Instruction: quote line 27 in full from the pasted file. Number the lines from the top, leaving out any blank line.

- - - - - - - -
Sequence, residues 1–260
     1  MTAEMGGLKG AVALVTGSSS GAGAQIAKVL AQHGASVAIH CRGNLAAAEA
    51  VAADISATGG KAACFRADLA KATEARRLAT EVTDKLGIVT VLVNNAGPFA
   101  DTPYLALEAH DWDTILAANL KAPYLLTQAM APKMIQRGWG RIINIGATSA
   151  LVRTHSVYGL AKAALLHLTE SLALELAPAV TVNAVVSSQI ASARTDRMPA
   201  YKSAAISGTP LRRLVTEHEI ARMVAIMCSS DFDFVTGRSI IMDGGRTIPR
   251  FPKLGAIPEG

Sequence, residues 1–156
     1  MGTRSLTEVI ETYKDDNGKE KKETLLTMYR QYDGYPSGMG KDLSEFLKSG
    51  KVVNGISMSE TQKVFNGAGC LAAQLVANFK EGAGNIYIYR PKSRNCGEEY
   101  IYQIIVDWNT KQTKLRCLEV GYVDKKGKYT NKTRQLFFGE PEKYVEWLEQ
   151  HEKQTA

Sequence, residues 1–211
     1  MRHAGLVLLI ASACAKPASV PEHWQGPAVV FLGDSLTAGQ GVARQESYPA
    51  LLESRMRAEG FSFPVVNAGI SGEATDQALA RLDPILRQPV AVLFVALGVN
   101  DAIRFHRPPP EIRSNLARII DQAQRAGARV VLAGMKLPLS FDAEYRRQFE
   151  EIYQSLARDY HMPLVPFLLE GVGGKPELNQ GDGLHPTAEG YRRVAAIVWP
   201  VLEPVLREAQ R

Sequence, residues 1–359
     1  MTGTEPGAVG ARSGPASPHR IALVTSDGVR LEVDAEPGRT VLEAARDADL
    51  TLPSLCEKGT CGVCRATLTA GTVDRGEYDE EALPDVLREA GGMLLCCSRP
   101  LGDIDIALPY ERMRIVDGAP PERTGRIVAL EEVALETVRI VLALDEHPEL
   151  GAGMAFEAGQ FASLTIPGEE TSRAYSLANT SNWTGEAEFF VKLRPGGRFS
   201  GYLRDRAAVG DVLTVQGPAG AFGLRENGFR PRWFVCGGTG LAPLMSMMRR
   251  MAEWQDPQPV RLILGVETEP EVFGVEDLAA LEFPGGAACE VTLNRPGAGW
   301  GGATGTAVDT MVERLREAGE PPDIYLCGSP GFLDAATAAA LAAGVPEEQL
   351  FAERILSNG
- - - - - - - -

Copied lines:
   351  FAERILSNG